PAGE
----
Exploring representations of Latinx people from Scarface to Narcos, this book examines how pop culture has framed Latin America as the villain in America's long and ineffectual War on Drugs.
If there is an enemy in the War on Drugs, it is people of color. That is the lesson of forty years of cultural production in the United States. From Scarface and Miami Vice to Narcos and Better Call Saul, and from social media to gritty memoirs, popular culture continually positions Latinos as an alien people who threaten the US body politic with drugs. Jason Ruiz explores the creation and endurance of this trope, its effects on Latin Americans and Latinx people, and its role in the cultural politics of the War on Drugs.
Even as the focus of drug anxiety has shifted over the years from cocaine to crack and from methamphetamines to opioids, and even as significant strides have been made in representational politics in many areas of pop culture, Latinx people remain an unshakeable fixture in stories narrating the production, distribution, and sale of narcotics. Narcomedia argues that such representations of Latinx people, regardless of the intentions of their creators, are best understood as a cultural front in the War on Drugs. Latinos and Latin Americans are not actually America's drug problem, yet many Americans think otherwise—and that is in no small part because popular culture has largely refused to imagine the drug trade any other way.
Jason Ruiz is an associate professor in the Department of American Studies at the University of Notre Dame. He is the author of Americans in the Treasure House: Travel to Porfirian Mexico and the Cultural Politics of Empire.
This is a fascinating cultural history of media representations of the War on Drugs. Written in lively and accessible prose, Narcomedia turns passive consumption of film, television, and news into active and critical engagement, persuasively arguing for these media’s political and cultural significance and profound impact on the meanings of Latinidad.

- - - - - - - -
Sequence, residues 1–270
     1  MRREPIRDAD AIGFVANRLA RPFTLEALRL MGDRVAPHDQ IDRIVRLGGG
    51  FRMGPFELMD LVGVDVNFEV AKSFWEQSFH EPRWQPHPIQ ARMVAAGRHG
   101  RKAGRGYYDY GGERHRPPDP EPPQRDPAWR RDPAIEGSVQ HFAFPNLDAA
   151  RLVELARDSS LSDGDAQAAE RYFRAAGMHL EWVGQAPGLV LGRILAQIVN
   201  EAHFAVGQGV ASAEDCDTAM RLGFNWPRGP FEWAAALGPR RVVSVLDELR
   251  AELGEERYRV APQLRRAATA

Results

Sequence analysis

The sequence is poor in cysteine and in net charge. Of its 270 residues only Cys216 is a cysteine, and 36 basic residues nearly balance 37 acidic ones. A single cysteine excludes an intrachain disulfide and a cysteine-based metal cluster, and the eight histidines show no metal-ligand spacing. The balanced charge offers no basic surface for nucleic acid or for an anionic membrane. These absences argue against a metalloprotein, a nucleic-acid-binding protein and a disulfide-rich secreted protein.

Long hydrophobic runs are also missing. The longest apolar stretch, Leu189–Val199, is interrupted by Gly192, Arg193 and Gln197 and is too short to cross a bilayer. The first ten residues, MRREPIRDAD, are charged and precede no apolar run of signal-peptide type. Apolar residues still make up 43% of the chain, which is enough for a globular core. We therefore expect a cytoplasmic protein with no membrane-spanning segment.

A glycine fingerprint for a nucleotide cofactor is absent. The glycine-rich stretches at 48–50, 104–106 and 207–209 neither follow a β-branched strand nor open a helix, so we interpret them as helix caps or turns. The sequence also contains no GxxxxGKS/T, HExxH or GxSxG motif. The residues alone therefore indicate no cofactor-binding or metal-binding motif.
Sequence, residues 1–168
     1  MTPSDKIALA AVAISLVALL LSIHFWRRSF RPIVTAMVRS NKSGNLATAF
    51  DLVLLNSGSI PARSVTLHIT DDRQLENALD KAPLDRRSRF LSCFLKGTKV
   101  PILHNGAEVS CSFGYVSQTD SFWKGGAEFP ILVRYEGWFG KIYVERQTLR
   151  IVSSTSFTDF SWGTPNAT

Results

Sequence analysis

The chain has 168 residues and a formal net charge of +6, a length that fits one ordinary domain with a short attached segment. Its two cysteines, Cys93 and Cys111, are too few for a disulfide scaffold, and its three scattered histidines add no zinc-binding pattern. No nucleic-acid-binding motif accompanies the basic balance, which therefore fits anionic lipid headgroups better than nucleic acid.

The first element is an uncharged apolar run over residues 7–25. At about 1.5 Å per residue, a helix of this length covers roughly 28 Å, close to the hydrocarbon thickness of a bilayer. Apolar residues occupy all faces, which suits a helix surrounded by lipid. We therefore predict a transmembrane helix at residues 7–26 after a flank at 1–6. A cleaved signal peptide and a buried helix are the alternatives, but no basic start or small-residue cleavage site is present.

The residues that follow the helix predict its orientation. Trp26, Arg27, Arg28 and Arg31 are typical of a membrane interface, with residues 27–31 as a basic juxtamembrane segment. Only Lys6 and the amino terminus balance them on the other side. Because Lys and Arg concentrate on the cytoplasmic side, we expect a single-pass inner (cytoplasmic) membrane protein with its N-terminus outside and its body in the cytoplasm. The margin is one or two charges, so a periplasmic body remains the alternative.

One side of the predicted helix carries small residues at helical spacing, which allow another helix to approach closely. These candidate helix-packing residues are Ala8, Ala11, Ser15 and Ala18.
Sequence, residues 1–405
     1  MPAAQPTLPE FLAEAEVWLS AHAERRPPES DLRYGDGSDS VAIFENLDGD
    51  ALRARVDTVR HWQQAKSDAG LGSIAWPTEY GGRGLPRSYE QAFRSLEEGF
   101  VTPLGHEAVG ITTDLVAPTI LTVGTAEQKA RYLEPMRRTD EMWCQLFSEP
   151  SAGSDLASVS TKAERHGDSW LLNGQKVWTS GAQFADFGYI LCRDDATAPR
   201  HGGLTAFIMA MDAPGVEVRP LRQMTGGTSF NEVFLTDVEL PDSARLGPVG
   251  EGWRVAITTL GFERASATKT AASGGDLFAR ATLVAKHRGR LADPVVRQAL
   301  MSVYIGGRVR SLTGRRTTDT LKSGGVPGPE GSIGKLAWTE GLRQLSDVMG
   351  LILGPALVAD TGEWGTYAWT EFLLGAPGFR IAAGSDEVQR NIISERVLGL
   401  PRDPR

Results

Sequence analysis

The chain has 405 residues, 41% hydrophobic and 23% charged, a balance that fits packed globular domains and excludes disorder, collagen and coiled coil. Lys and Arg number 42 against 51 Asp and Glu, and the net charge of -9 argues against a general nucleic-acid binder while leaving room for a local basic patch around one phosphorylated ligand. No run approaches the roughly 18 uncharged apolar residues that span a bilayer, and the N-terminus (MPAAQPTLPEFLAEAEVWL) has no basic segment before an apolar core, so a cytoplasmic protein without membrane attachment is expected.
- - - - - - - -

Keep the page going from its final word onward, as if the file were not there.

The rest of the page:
~Camilla Fojas, author of Border Optics: Surveillance Cultures on the US-Mexico Frontier
In this well-researched and thought-provoking study, Jason Ruiz illuminates how the rise of drug trafficking–focused films, TV series, and media texts, from Scarface and Miami Vice to Breaking Bad and Narcos, have been intimately tied to US political rhetoric that has scapegoated Latinas/os as eternal foreigners and threats. A sobering but important exploration of narcomedia and its impact.
~Mary Beltrán, author of Latino TV: A History
Jason Ruiz offers a compelling cultural history of popular media representations of the War on Drugs and the transnational Latinx communities with which it is so often associated. Skillfully reading Latinx presence in/to some of the War on Drugs’ most iconic media texts, Ruiz shines a light on how dominant understandings of Latinidad have informed popular representations of illicit narcotics in the US since the 1980s. Narcomedia’s nuanced analyses of Latinx media representation and its triangular focus on the US, Colombia, and Mexico render it a vital contribution to many fields, including Latinx studies, American studies, cultural studies, Latin American studies, queer studies, and media studies.
~María Elena Cepeda, author of Musical ImagiNation: U.S.-Colombian Identity and the Latin Music Boom
A concentrated, rigorous look at Latinx representations in late-20th- and early-21st-century 'narcomedia,' or 'communication forms that emerge from drug trafficking'...Ruiz’s observations are incisive throughout. He is at his best, though, when directly addressing the 'how' and 'why' behind the production of problematic Latinx representations...Narcomedia itself makes important inroads into paving the path ahead for Latinx representations in US-made film and TV. Ruiz’s book is a fine example of the scholarly vigilance and clarity of thought needed to hold the abidingly white-centric entertainment industry’s feet to the fire in their ongoing representations of Latinx people on-screen.
~Los Angeles Review of Books
Chapter 1. “Say Goodnight to the Bad Guy”: South Florida, Cocaine, and the Many Faces of Scarface
Chapter 2. Miami Vices: Whiteness and Otherness in Representing the Criminalized City
Chapter 3. “The Most Alive Dead Man in the World”: Plotting the Death of Pablo Escobar
Chapter 4. Dancing toward Revenge: Queer Representation and What It Means to Be Seen in Narcomedia
Chapter 5. Dark Matters: Breaking Bad and the Suburban Crime Drama
Chapter 6. Bad Hombres: Narcomedia at the US-Mexico Border
Chapter 7. From Public Enemy to Global Media Commodity: Pablo Escobar Transformed
Epilogue. “It’s Time for a White Man to Leave the Building”: Centering Latinidad in Narcomedia
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